Generation of a Novel Antibody Probe to the Apical Sodium-Dependent Bile Acid Transporter That Inhibits Ileal Bile Acid Absorption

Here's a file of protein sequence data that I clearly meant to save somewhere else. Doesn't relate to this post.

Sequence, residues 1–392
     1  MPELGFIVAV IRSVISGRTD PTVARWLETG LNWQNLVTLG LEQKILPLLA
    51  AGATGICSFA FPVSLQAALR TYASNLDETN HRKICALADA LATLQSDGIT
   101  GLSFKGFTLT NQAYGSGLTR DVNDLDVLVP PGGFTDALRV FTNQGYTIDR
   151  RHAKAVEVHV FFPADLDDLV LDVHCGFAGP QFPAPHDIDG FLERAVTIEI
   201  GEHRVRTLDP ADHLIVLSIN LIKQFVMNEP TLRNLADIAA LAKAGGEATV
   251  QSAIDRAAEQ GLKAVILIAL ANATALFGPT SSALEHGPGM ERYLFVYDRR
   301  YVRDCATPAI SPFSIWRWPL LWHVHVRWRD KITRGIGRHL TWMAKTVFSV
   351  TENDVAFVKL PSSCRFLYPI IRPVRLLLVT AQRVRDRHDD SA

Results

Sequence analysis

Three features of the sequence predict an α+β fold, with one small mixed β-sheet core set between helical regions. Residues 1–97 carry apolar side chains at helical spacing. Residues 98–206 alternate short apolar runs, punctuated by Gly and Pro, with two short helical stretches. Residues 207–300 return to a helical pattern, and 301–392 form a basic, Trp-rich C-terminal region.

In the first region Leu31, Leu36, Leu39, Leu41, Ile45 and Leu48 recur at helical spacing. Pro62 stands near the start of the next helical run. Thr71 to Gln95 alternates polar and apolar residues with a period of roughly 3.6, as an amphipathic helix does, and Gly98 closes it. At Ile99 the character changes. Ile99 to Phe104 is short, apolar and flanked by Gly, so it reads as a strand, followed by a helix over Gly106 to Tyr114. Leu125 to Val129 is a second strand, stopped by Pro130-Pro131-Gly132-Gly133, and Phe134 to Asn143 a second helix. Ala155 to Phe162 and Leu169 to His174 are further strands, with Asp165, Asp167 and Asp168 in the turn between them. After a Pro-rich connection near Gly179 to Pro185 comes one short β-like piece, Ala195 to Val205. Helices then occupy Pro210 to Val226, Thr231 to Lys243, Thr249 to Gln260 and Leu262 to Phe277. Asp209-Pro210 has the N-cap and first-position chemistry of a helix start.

Intestinal bile acid absorption is mediated by a sodium-dependent transporter located in the brush border apical membrane of ileocytes. The transmembrane topology and the role of individual amino acid residues in the bile acid transport process have been investigated by means of various experimental approaches, leading to multiple hypotheses. We raised a monoclonal antibody against a segment of the transporter comprising vicinal cysteine residues, in order to evaluate its functional role. A 14 amino acid peptide, corresponding to amino acids 104-117 of the transporter, was synthesized, and a monoclonal anti-peptide antibody was raised. In vitro uptake-inhibition studies in the presence of the monoclonal anti-peptide antibody were performed using ileal brush border membrane vesicles. Rabbit ileum was perfused in vivo with 5 mM taurocholic acid in the presence of the monoclonal antibody, and bile acid absorption inhibition was evaluated. The anti-peptide monoclonal antibody significantly reduced the in vitro uptake and in vivo absorption of taurocholic acid. The present data demonstrate the functional relevance of the 104-117 peptide segment and report the generation of a novel antibody against the apical sodium-dependent bile acid transporter (ASBT) that may be used as a therapeutic agent in hypercholesterolemia and in cholestatic pruritus.
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